Insurance costs force physician to end practice

By Dave Hodges

After having an obstetrics and gynecology practice in Tallahassee for 24 years, Dr. Tara Wah is ending her career in medicine in November. The economics of her practice due to medical malpractice insurance rates are driving her out of business, she says.

Wah has written her patients a letter relaying the news. “It is with deepest sadness that I retire from the practice of medicine in Tallahassee,” it begins. “I am in good health and I love caring for patients, but I can no longer afford malpractice insurance.”

She is one of three ob-gyn practitioners at Azalea Women’s Healthcare, which she founded in 1998 with midwife Suzee Taylor. Colleagues Dr. Michelle Hoggatt and Dr. Adrienne George will be left to keep the practice going.

“I felt like it wasn’t my decision,” she said in an interview. “I felt like it was something I was forced into.”

She has no student loans to pay and no children. Her husband, Dr. Paige Harbaugh, retired eight years ago. Recruiting a doctor to fill her vacancy has been difficult because of the financial situation.

“I have gone without a salary for the last two months. I can’t afford that any more,” she added. “I can’t work an 80-hour week and not get paid.”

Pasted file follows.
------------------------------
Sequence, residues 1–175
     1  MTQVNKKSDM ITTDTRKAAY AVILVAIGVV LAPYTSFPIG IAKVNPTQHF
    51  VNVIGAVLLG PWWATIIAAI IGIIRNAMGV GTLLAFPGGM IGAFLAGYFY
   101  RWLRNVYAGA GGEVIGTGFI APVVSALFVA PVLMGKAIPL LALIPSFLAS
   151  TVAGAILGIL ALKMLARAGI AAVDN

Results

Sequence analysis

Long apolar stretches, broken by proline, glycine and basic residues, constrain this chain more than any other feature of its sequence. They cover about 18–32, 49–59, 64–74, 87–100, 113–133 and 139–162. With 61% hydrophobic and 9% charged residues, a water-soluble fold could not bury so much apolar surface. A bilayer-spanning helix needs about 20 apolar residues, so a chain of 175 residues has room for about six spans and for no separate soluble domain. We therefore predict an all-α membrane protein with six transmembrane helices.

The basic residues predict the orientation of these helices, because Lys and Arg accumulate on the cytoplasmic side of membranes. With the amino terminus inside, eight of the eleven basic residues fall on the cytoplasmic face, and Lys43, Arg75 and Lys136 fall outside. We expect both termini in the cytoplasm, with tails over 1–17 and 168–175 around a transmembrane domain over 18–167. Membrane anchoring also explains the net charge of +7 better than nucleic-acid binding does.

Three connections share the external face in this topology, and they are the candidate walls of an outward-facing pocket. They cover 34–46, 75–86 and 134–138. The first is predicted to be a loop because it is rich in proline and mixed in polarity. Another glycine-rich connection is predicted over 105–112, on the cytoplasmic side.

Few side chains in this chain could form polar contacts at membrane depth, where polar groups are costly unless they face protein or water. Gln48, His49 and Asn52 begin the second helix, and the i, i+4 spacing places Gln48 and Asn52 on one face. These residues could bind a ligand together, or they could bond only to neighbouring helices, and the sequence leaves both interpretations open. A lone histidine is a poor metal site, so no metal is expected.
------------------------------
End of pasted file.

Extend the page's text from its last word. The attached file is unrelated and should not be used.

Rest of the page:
Her insurance premium was $35,000 for the year in 1993. It climbed to $60,000 by 1999. Last November the bill came in at $123,000. “I called them and I begged and pleaded, and I got $10,000 taken off that,” Wah said.

The liability risk for ob-gyn doctors is a particular problem, said Lynne Takacs, director of communications and public relations at the Florida Medical Association, which represents more than 17,000 doctors in Florida

“They have one of the highest medical malpractice insurance rates in the state of Florida because delivering babies carries with it a lot of risk,” she added.

Wah’s departure comes at a time when the medical profession is working to attract more doctors, especially those who are committed to practicing in rural areas and in communities underserved in medicine and health care.

The financial strain of insurance costs, however, makes the economics of a medical practice difficult to endure for many. “It’s something we are seeing more and more, especially in Tallahassee, and it’s unfortunate because we don’t see a lot of female ob-gyn’s,” Takacs said. “It’s very sad.”

Check back on for an update of this story and look for additional reporting in the Tallahassee Democrat tomorrow.

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